Formula One is back at the Bahrain International Circuit for the Sakhir Grand Prix, but a different track configuration, short and ultra-fast, promises a different challenge.
The ‘outer loop’, running to just 3.543 kilometres, in essence comprises the first and last sectors of the familiar grand prix configuration but swaps out the twisty middle sector for a high-speed series of bends — barely recognised by an F1 car as corners at all — to form the shortest and quickest lap on the F1 calendar.
Valtteri Bottas snatched pole with a 53-second lap from stand-in teammate George Russell by just 0.026 seconds, but surprising was the proximity of Max Verstappen on this more power-sensitive layout. The Honda-powered driver was just 0.056 seconds off pole, his Red Bull Racing car happier running less wing to take the fight to Mercedes without the talismanic Lewis Hamilton to lead.
The Dutchman must think himself in with a chance too considering he was just on the cusp of being able to play a role in last weekend’s race despite being substantially further adrift on one-lap pace. Admittedly the shorter lap here worked to reduce the difference in pure time, but even on percentage terms Verstappen was closer, shrinking the gap to pole from 100.6 per cent to 100.1 per cent.
But Verstappen will again lack the crucial strategic back-up of Alex Albon, who qualified a lowly 12th. Though George Russell has been performing very strongly standing in for Lewis Hamilton so far this weekend, Red Bull Racing would’ve loved the chance to put him under a pressure test with its own second car, and opportunity now lost with Albon mired in the midfield.
That said, Verstappen is giving himself some strategic differentiation with his starting tyre, the team knowing more about the compounds this weekend and feeling more confident about taking a gamble.
So is the stage set for a one-man show or another display of Mercedes domination?
|PROVISIONAL STARTING GRID|
Distance: 3.543 kilometres
Lap record: N/A
Track record: 53.377 (Valtteri Bottas, Mercedes, 2020)
Lateral load: very low
Tyre stress: medium
Asphalt grip: high
Asphalt abrasion: very high
Safety car probability: N/A
Pit lane speed: 80 kilometres per hour
Pit lane length: 418 metres
Pit lane time loss: 18.8 seconds
Fuel consumption: 0.79 kilograms per lap
Tyres: C2 (hard), C3 (medium), C4 (soft)
Estimated tyre delta
Hard–medium: 0.3 seconds
Medium–soft: 0.4 seconds
The most obvious point of strategic tension is starting tyre choice. Mercedes is poised to rerun its successful strategy of last weekend, starting on the medium tyre and using a hard and another medium for its final two stints.
Red Bull Racing, however, will attempt to again prosecute a more aggressive strategy after its plans for a possible a three-stop race were undone by safety car interruptions last weekend. This week, however, with thermal degradation less problematic and tyre wear less severe owing to the fewer corners and traction zones, it will push with a two-stop strategy using the soft tyre.
But it’s not just the less severe conditions that have pushed the team in this direction. McLaren’s Carlos Sainz was the only driver to start with the softs last week, having qualified out of position, and used them to great effect. When few thought the compound would last more than a handful of laps, he took the red-marked rubber competitively to lap 21 — including the safety car interruption — using the extra pace to launch himself up the order on his way to fifth at the flag.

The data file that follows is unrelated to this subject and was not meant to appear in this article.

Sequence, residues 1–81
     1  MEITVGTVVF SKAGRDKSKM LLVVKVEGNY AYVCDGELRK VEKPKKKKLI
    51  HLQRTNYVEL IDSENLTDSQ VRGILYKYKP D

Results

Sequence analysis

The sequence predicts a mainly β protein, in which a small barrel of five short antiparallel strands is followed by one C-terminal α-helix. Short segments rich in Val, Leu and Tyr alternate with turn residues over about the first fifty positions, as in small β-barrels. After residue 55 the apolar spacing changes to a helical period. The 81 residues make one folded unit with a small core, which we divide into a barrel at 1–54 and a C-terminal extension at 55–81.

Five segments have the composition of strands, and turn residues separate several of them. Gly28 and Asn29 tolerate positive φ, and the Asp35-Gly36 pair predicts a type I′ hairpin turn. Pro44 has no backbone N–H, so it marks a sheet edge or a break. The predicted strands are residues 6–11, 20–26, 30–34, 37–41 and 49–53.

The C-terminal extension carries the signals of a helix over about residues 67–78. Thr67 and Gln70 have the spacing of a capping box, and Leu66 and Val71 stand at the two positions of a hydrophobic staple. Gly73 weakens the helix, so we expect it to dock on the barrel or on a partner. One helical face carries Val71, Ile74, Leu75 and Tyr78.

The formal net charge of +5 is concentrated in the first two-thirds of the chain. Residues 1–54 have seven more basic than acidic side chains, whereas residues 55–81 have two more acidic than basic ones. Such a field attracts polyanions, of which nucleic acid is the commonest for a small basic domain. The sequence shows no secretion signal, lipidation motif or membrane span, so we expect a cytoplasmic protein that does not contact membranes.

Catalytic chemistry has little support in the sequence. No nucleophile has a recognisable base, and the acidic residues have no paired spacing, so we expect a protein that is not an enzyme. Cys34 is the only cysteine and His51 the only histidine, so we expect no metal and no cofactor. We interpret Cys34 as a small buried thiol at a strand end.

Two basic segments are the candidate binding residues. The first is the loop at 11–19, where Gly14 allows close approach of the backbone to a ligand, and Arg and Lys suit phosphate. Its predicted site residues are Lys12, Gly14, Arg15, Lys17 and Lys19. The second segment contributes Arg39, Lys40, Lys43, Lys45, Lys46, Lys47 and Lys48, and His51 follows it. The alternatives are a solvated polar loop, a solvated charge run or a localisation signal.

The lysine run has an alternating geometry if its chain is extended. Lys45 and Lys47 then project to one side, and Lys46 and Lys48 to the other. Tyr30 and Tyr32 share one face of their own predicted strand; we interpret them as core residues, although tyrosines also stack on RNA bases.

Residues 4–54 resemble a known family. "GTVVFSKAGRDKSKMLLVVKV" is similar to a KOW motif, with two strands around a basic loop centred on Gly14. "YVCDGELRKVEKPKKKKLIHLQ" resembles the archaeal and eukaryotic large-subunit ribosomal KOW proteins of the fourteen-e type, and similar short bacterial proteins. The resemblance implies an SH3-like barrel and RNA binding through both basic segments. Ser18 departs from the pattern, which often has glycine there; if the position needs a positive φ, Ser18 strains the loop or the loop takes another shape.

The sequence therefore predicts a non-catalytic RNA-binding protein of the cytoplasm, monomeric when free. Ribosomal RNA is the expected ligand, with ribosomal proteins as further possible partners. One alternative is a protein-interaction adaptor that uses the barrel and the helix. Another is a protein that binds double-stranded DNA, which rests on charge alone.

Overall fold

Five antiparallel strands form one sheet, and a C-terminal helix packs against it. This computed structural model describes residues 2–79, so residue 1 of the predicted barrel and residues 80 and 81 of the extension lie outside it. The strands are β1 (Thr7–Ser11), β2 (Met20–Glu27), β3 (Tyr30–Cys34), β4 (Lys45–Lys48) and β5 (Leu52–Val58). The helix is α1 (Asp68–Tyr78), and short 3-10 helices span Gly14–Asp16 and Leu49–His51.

Verstappen showed better pace on the softs over his long-run simulation on Friday than Mercedes did, with the caveat that Bottas was running with damage and Russell was compromised by running in a slipstream train. Regardless, the team is clearly trying to lean on what advantages it might have against Mercedes’s few flaws.
With lesser demands on the rubber and a greater understanding of the compound, Verstappen could be perfectly placed to make the better start and run a faster first stint as the foundation of a victory run.
Working to Mercedes’s advantage, however, is that the pace difference between compounds is smaller with so few meaningful corners, so the longevity trade-off is likely to be less valuable that it was for Sainz last weekend.
An interesting quirk to this weekend’s race will be the impact of lapped traffic on the strategy of the leaders. The lap is so short and the advantage of the top two cars so great that lapped traffic will play a role in finding pit stop windows, and a pit stop will cost a driver around half a lap worth of time.
This will be particularly painful for cars already in the midfield given blue flags tend to compound themselves — moving aside for a faster car costs you time, which in turns pushes your further off the pace.
As for the midfield more generally, making the soft tyre last will be the name of the game for those starting in the top 10, whereas those from 11th down have the advantage of free tyre choice. Pirelli rates the medium compound as the better first tyre on a medium-hard-medium strategy — unsurprising given this was last week’s winning strategy. But as Sainz showed last week, there’s clearly performance to be found on a strategy starting on the softs for those who can work them sweetly.